Melanoma, one of the deadliest cancer of skin, arises from melanocytic cells that are responsible for melanin production. Recent advances in the understanding of melanoma biology has led to the development of targeted therapies with promise. For example, BRAF inhibitors vemurafenib and dabrafenib achieved significant improvement over chemotherapy and were approved for metastatic melanomas with BRAF- mutations. More recently, the combination of dabrafenib with MEK inhibitor trametinib demonstrated improved progression-free survival, compared to monotherapy, and has received approval from the US FDA. However, even with the combination treatment, most of the patients develop acquired resistance, thereby failing to achieve lasting tumor regression. Therefore, novel target-based approaches are needed for the management of melanomas. The mammalian sirtuins constitute a family of seven known members (SIRT1 ? SIRT7) with NAD+-dependent protein deacetylase and/or ADP-ribosyltransferase activities]. In addition, they are also known to regulate post-translational acyl modifications. SIRTs play critical roles in important cellular processes, and are shown to be involved in the pathogenesis of a variety of diseases, including cancer. The role of SIRTs in cancer is extremely complex and they appears to have dichotomous functions depending on cell contexts. Among known SIRTs, SIRT3 is a mitochondrial sirtuin, which coordinates global shift in mitochondrial activity by deacetylating proteins involved in diverse mitochondrial functions. It also plays important roles in the regulation of a variety of cellular processes, including transcription, insulin secretion, and apoptosis. The fact that SIRT3 can regulate several cellular processes which are critical in cancer cell proliferation, makes it a potential therapeutic target for cancer management. While the research on the role of SIRT3 in cancer is still in its infancy, studies have suggested its tumor suppressor as well as tumor promoter roles. However, the role of SIRT3 in melanoma is not known. In our preliminary data, we have found that SIRT3 is overexpressed in melanoma and its inhibition results in a significant anti-proliferative response in melanoma cells. Further, we have also found that 4'-bromo-resveratrol (4BR), a new small molecule inhibitor of SIRT3, imparts anti- proliferative effects in human melanoma cells. Thus, based on available literature and our preliminary data, we propose to test the hypothesis that SIRT3 plays a critical role in melanoma progression via modulating p53 signaling, Ku70-Bax interaction and/or cellular metabolic homeostasis. The following specific aims are proposed: 1) o define the role of SIRT3 in melanoma development and progression, employing a tissue microarray (TMA) created from retrospective melanoma tissues from veteran patients, and an in vitro cell transformation model; 2) to define the involvement of p53 signaling, Ku70-Bax interaction, cellular metabolic homeostasis, as downstream determinants of SIRT3 in melanoma cells; and 3) to determine the therapeutic significance of SIRT3 inhibition in vivo in 1) Braf-Pten mouse melanoma mode, and patient derived xenografts (PDX) developed with prospectively collected metastatic melanoma tissues from veteran patients. We expect that the outcome of studies proposed in this application may define the role and mechanism of SIRT3 in melanocytic transformation and melanoma progression. This may ultimately lead to development of novel diagnostic, prognostic or therapeutic approaches for melanoma. Since melanoma incidence seems to be higher in the veteran population and our proposed study aimed at defining the molecular mechanism of melanoma development may lead to identification of novel strategies for the management of this deadly neoplasm. Therefore, our proposed work is relevant and significant to the health care of Veterans and is in line with the mission of the Department of Veteran Affairs.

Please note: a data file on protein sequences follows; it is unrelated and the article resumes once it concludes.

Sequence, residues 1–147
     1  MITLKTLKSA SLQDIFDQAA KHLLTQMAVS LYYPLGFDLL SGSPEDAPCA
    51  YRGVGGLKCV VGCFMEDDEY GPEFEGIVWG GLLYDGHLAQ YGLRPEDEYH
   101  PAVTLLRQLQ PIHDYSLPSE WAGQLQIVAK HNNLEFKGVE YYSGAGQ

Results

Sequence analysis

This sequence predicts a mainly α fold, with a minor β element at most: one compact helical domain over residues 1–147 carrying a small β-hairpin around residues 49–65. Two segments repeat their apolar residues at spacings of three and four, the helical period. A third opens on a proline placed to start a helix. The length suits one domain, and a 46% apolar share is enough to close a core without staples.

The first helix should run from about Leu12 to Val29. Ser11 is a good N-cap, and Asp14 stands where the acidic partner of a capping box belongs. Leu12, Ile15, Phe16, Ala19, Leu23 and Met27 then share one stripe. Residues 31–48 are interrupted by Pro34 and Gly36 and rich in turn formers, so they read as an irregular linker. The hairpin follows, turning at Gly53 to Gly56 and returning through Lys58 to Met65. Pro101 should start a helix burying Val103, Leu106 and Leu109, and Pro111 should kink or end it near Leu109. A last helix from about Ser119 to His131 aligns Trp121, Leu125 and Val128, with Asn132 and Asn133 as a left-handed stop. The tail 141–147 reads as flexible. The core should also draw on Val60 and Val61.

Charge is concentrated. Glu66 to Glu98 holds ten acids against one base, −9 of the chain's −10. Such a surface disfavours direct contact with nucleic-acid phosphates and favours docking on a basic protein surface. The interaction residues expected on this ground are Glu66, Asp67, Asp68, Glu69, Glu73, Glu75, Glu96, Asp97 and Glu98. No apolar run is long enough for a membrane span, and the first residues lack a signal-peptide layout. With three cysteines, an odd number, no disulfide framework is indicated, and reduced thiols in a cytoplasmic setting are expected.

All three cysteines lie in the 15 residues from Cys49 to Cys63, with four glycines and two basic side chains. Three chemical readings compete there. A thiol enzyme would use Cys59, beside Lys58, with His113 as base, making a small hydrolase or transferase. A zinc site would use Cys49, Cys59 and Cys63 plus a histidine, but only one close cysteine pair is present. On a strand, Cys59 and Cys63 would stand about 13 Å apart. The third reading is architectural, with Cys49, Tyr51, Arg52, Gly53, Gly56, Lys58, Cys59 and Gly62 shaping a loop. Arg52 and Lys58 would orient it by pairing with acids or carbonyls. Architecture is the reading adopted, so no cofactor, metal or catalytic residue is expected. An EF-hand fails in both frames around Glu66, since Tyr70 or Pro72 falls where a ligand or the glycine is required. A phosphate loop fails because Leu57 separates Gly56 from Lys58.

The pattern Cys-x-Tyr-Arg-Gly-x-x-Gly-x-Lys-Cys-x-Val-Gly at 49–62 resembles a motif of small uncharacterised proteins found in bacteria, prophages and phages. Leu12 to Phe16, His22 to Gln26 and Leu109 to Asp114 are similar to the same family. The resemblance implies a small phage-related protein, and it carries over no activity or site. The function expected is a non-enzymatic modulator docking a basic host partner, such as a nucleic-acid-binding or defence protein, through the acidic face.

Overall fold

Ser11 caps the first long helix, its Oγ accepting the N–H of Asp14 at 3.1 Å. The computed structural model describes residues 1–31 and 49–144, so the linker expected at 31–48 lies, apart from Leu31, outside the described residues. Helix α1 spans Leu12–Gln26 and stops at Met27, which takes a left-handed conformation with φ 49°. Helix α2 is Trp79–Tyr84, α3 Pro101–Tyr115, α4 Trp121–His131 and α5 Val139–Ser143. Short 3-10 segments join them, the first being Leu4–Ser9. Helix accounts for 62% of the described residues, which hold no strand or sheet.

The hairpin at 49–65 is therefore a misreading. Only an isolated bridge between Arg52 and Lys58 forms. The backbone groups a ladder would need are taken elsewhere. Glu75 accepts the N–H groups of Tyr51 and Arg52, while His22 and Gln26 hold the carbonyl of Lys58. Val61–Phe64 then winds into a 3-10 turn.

The goal of this study is to define the role and functional relevance of an important protein known as sirtuin3 (SIRT3) in in melanoma development and progression. This study is important because melanoma is one of the deadliest form of skin cancers. Further, several studies have found an increased risk of melanoma in Veterans. The US military currently is, and has been engaged, in missions all over the world, including recently, in the Middle EAST. Deployment to these regions is accompanied with a significant change in the climate, diet, stress and obvious exposures to war related chemicals, which impose increased risk for several diseases, including melanoma. Our study focusing on identification of new gene relevant to melanoma progression may improve therapeutic options for the management of this deadly neoplasm. Therefore, our proposed work is relevant and significant to the health care of Veterans and is in line with the mission of the Department of Veteran Affairs.
|Garcia-Peterson, Liz Mariely; Ndiaye, Mary Ann; Singh, Chandra K et al. (2017) SIRT6 histone deacetylase functions as a potential oncogene in human melanoma. Genes Cancer 8:701-712|
|Garcia-Peterson, Liz Mariely; Wilking-Busch, Melissa Jean; Ndiaye, Mary Ann et al. (2017) Sirtuins in Skin and Skin Cancers. Skin Pharmacol Physiol 30:216-224|